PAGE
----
California is experiencing one of its worst droughts ever. 2013 was the shortest in rainfall since recording data began. 2014 looks possibly worse. So the obvious question is how will this affect grape growing and winemaking? Understand that 85% of California’s water is used for agriculture. It really doesn’t help much to stop watering the lawn or taking shorter showers.
Grape vines survive just fine without much water. Mature grape vines have extraordinarily deep tap roots, sometimes going down forty or more feet. They seek out what water there is and capture it for their use. Many areas of the world “dry farm” grapes relying on no irrigation and only natural rainfall. Dry farmed grape vines or vines in the middle of a drought will produce fewer grapes per acre or per vine. Water “plumps” up grapes and allows the vines to have more “vigor”, but these attributes do not necessarily produce a higher quality crop – higher yield, yes, but less concentrated juice. So in the middle of a drought the yields in any given year and going to go down (think higher prices due to decreased supply against the same or growing demand, higher prices due to cost per acre to farm being spread across a decreased yield, and more intense juice – higher prices due to increased quality).
A related climate threat that the drought “indicates” but does not necessary “predict” or confirm as to do with the unusually warm winter we have had. Have you Californians noticed that flowers (roses in particular) in your garden may already be blooming? There has been no cold to keep the plants dormant. The same thing in happening to grape vines, which are already beginning to have a very early bud break (incidentally a related phenomenon is happening in the Lake Tahoe and other Sierra Nevada areas where the bears have not gone into hibernation). If the buds break early and then we get winter frosts or freezes, the frosts destroy the buds and therefore the crop leading to a grape shortage.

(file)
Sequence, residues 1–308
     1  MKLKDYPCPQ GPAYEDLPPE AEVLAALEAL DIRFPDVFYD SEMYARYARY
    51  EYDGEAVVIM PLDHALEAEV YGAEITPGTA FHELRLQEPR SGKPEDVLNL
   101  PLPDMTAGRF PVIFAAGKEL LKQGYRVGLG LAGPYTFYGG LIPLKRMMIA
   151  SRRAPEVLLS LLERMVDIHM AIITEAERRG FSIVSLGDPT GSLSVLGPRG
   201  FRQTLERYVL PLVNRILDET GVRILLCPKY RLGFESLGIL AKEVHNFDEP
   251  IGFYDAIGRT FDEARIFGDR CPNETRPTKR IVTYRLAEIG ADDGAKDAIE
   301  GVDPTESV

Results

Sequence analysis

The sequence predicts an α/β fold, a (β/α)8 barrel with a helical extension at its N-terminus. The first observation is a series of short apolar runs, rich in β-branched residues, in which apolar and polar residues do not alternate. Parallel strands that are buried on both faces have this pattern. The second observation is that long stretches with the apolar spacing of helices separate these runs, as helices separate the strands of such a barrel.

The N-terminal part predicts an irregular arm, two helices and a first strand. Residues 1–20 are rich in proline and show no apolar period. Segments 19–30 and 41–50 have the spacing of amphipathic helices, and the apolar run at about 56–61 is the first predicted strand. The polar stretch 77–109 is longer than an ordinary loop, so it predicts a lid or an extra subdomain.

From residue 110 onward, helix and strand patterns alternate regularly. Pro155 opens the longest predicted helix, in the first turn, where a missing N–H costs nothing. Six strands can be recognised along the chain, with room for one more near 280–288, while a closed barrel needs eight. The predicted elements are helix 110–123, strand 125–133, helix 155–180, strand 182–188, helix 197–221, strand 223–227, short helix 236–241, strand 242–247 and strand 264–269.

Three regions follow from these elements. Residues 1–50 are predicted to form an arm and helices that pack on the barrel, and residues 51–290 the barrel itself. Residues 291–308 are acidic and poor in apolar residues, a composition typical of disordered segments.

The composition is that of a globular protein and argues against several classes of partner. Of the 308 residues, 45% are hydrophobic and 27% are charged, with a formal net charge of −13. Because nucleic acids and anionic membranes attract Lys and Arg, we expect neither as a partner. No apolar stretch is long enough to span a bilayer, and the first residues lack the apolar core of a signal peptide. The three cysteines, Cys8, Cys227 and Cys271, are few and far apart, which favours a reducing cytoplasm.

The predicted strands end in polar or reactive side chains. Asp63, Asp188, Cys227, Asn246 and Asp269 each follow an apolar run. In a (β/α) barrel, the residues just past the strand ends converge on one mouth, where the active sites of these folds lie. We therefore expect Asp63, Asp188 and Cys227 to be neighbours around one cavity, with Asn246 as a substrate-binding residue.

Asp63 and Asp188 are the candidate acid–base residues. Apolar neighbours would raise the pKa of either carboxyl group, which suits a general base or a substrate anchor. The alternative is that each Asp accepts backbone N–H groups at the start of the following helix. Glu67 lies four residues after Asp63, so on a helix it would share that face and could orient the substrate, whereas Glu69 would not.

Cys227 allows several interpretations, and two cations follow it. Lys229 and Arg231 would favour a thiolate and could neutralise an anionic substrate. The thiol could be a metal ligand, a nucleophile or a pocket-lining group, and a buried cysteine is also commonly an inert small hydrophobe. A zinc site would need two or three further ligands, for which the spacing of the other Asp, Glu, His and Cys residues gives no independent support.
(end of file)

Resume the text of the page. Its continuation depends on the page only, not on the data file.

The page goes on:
Wineries on the other hand pretty much cannot operate without a good supply of water. Water is used to clean fermenting tanks, to wash barrels, to wash down floors, for sorts of cleanliness and sanitary issues. It is generally accepted wisdom that the saying “Save water, drink wine” is false. Making wine requires a great deal more water than the wine that is produced – maybe a factor of 10 gallons of water to 1 gallon of wine. So extended droughts can cause many issues in the production end. Using gray water where possible can alleviate this but that requires that our water systems be reconfigured with three rather than two pipes (one hot, one cold, one gray water). Gray water today is of drinking quality even though most of the public shies away from that use. The real issue that drought will increase costs and could require installation of more infrastructure by our society. There is plenty of water to drink if we desalinate and as climate change causes the oceans to rise we can desalinate more and more. But it is expensive and does have its own fossil fuel cost. Incidentally the real cost to the wine industry of climate change and higher sea levels is to wipe out (flood) low-lying vineyards. Think of Napa and or Sonoma without the Carneros region – flooded out. Florida or landfill portions around San Francisco Bay – huge swaths of land missing.